“National Frontline Supervisor Competencies – April 2013”

What are the National Frontline Supervisor Competencies?

The National Frontline Supervisor Competencies (NFSC) are an evidence-based set of knowledge, skills, and abilities that reflect best practice in the supervision of Direct Support Professionals (DSP) who work with individuals with disabilities in residential, work, and community settings. Competencies are considered a foundation for workforce development and standardization in all fields and at all levels. When rigorously developed and effectively implemented, competencies serve the important function of providing individuals information about the requirements of a given position and provide a basis for training, orientation, and continuing staff development. The utilization of competencies in the direct service workforce reinforces shared values of all service providers’ skills and growth (Hoge, McFaul, Calcote, & Tallman, 2008). Nationally recognized and validated competencies also serve to promote the recognition of the role of Frontline Supervisors (FLS), the development of career ladders, and the development of a more competent, stable workforce to meet the growing demand of long-term services and supports.

You can view/download a complete copy of the Frontline Supervisor Competencies and Performance Indicators, containing competency statements and performance indicators for each of the 11 Competency areas described below:

National Frontline Supervisor Competencies

1.Direct support (8)
Frontline Supervisors demonstrate excellence in providing culturally appropriate direct support services to participant using person-centered approaches and strategies that support participant to be fully engaged and included in each aspect of his or her daily life, have maximum choice and control, and gain independence.

 2. Health, wellness and saftey (16)

Frontline Supervisors work with participant and his or her teams to develop a support plan to promote the health, safety, and wellbeing of participant based on individual preferences and goals. Frontline Supervisors actively monitor, review, discuss with participant, and modify support plans to ensure most effective strategies are in place.

 3. Participant support plan development, monitoring and assessment (9)

Frontline Supervisors operationalize participant’s individual goals and identified outcomes into a coordinated support plan. Frontline Supervisors coordinate and facilitate support network meetings, maintain communication with other service providers, family, and allies, and monitor, document, and report progress toward goals.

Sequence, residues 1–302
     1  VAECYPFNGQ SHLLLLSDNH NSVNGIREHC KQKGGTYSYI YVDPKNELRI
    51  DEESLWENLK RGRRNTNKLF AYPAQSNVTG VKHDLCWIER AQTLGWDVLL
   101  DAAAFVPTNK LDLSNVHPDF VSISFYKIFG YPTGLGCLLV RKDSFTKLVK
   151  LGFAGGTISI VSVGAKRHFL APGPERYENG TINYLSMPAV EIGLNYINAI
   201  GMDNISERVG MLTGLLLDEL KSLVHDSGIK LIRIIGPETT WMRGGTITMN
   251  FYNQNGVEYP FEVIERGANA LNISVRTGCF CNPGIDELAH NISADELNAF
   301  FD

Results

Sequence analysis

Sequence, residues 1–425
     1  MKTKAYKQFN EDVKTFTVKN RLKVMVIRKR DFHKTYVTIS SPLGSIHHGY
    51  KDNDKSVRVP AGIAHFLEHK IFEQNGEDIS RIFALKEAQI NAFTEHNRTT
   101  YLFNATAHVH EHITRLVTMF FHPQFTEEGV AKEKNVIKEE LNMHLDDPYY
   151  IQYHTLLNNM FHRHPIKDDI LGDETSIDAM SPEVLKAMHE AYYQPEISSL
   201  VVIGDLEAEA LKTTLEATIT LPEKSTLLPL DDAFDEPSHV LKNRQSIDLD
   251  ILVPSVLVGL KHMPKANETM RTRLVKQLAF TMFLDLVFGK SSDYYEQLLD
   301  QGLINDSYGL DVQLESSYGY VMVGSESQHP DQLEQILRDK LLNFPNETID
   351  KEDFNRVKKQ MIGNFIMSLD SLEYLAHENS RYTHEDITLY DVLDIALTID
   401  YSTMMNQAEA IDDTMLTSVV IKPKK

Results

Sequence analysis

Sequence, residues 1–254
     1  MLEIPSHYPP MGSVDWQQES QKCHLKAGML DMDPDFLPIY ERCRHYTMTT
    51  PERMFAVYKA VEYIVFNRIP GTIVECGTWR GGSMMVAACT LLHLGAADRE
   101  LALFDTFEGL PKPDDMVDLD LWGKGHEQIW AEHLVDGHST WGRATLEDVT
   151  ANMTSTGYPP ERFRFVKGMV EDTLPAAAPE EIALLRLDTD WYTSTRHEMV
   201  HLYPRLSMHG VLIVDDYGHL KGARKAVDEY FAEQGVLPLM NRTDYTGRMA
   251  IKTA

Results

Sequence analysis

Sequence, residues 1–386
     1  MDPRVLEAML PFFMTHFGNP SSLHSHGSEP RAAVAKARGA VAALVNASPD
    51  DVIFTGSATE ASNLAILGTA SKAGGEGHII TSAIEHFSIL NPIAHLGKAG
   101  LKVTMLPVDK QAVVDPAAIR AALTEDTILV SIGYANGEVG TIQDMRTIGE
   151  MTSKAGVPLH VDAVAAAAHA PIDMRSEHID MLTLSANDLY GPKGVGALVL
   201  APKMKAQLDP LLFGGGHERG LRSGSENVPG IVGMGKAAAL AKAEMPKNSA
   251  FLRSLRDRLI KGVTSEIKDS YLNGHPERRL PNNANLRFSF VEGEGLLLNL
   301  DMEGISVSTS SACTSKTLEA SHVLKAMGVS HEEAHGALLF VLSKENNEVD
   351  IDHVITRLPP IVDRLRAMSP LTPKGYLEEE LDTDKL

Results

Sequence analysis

4. Facilitating community inclusion across the lifespan (16)

Frontline Supervisors facilitate and support the development and maintenance of participant support networks in partnership with person supported. Frontline Supervisors support participant to explore educational, employment, volunteer, and retirement opportunities, and/or collaborate with other staff and providers to coordinate supports that will assist participant in reaching goals and actively participating in activities of his or her choice across the lifespan.

 5. Promoting professional relations and teamwork (11)

Frontline Supervisors enhance professional relations among team members and their capacity to work effectively with others toward common goals by using effective communication skills, facilitating teamwork, and supporting and encouraging growth and professional development.

 6. Staff recruitment, selection, and hiring (9)

Frontline Supervisors use best practices to actively recruit and lead a selection process that actively includes participant and his or her support network. Frontline Supervisors provide sufficient information about the position through a realistic job preview and conducts effective interviews to promote successful hires of direct support professionals.

 7. Staff supervision, training, and development (13)

Frontline Supervisors coordinate and lead competency-based direct support staff training and professional development activities, including coaching and mentoring. Frontline Supervisors conduct performance reviews and are responsible for all aspects of staff supervision, including scheduling and maintaining training records.

 8. Service management and quality assurance (15)

Frontline Supervisors effectively manage and oversee participant services and supports in group service settings, individual, and remote service settings, including compliance with all federal, state, and local rules and regulations, and apply ethical principles related to best practices in services and supports. Frontline Supervisors oversee the management of financial activities within scope of work assignments to ensure continued quality service delivery.

 9. Advocacy and public relations (10)

Frontline Supervisors promote public relations by educating community members about the rights of people with disabilities, and advocating for and with participant for services and opportunities that promote safe, respected, and valued membership in the community.

10. Leadership, professionalism and self-development (8)

Frontline Supervisors maintain professionalism and engage in ongoing self-development and professional development activities. Frontline Supervisors share and receive knowledge from others, support coworkers, and actively participate in the life of his or her organization.

 11. Cultural awareness and responsiveness (5)

Frontline Supervisors respect all unique characteristics of participant by providing culturally appropriate supports and services.

 

NADSP National Partners

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